A comedian, a millionaire and an orangutan. It may sound like the beginning of a screwball joke, but Donald Trump isn't laughing.
The famously outspoken real estate magnate has sued famously outspoken television host Bill Maher, demanding the $5 million Maher offered to give to charity if Trump could prove his father is not an orangutan.
But legal experts say Trump is unlikely to get a dime from Maher, the host of the HBO series Real Time With Bill Maher, because his offer was clearly made in jest.
"It's parody," said Bryan Sullivan, a Los Angeles entertainment lawyer. "You know Bill Maher is a comedian and a satirist. The offer is so ridiculous."
Trump, however, has taken the comic at his word.
"Attached hereto is a copy of Mr. Trump's birth certificate, demonstrating that he is the son of Fred Trump, not an orangutan," Trump's lawyer, Scott Balber, wrote to Maher last month.
When Maher did not respond, Trump filed a breach of contract lawsuit last week in Los Angeles Superior Court.
A Maher spokeswoman referred to his show Friday, in which he ridiculed Trump's lawsuit.
"It's never a joke when someone reneges on a commitment that benefits worthy charities," said Michael Cohen, special counsel to Trump, in response. "The tone of Mr. Maher's diatribe on Friday evening suggests he is far more concerned with the lawsuit than he wants the public to believe."
Last year, during the presidential campaign, Trump offered to give $5 million to charity if President Barack Obama would release his college records. Trump, who flirted with a possible White House run, previously questioned Obama's citizenship and boasted that he prompted Obama to release his birth certificate.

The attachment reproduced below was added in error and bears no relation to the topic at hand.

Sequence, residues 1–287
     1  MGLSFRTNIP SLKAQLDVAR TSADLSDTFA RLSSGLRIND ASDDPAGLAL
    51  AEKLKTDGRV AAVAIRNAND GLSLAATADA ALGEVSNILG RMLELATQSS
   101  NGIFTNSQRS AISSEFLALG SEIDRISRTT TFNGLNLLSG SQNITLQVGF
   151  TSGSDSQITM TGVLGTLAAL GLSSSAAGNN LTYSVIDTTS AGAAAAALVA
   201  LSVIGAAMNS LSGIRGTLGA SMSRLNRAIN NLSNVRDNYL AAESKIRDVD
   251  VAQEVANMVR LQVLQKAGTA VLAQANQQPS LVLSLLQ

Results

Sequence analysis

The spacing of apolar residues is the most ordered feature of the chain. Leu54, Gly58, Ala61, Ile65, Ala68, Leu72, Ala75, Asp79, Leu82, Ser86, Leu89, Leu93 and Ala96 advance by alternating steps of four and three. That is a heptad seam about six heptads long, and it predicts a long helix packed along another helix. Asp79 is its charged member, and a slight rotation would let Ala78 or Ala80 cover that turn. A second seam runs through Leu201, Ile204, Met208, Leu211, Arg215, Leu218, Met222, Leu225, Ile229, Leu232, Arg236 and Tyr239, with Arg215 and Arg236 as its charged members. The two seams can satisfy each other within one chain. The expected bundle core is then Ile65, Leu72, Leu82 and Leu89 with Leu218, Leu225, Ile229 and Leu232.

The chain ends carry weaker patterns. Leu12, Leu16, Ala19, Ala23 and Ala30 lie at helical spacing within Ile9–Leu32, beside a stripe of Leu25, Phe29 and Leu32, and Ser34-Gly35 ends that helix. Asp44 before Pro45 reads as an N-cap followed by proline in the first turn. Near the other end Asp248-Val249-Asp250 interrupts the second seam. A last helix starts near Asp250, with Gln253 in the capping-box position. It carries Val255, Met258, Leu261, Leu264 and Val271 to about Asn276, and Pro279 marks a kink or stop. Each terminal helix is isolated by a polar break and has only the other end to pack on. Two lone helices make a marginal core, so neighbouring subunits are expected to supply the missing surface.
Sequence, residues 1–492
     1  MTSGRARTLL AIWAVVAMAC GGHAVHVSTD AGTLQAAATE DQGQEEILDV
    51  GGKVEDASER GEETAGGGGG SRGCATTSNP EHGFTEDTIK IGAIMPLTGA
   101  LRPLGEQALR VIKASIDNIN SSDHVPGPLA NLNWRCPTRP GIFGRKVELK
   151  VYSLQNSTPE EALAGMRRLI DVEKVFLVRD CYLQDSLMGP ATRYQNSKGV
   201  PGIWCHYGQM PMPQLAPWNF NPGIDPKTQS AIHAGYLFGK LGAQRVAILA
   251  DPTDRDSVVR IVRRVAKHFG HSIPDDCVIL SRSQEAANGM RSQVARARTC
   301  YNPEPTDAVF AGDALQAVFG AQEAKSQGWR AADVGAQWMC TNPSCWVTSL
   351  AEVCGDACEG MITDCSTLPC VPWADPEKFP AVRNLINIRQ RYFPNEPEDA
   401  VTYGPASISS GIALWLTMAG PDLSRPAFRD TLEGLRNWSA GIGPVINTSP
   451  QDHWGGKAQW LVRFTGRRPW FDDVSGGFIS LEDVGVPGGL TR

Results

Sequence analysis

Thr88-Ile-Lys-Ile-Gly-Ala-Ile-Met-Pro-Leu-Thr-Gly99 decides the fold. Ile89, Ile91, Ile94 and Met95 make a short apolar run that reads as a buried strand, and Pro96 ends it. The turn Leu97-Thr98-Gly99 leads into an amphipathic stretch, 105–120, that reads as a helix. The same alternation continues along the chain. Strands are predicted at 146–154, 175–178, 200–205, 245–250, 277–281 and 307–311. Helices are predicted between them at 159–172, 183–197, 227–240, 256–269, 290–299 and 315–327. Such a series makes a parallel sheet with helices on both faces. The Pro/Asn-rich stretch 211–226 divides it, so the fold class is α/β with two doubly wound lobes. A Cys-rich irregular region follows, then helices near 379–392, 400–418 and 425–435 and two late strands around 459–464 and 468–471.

As a guest on NBC's The Tonight Show last month, Maher offered to give $5 million to charity if Trump could prove he was not the son of an orangutan, since the ape's orange fur matches the colour of Trump's trademark gravity-defying coiffure.
"He can donate to a charity of his choice," Maher said. "Hair Club for Men; the Institute for Incorrigible Douchebaggery. Whatever charity."
Under contract law, a verbal offer can create a contractual obligation. But courts make exceptions for obviously satirical offers.
In a New York federal case, Leonard vs. Pepsico, a man sued the soft drink maker after it refused to honour a TV advertisement "offer" of a fighter jet for redeemable Pepsi Points.
U.S. District Judge Kimba Wood in Manhattan said an offer made "evidently in jest" is not a contract and noted the commercial featured a teenager using the jet to get to school.
"This fantasy is, of course, extremely unrealistic," Wood wrote.
Trump's lawsuit alleges that Maher's show is political commentary, not comedy. In a Fox News appearance last week, Trump said he was certain Maher's offer was not a joke.
"That was venom," Trump said. "That wasn't a joke."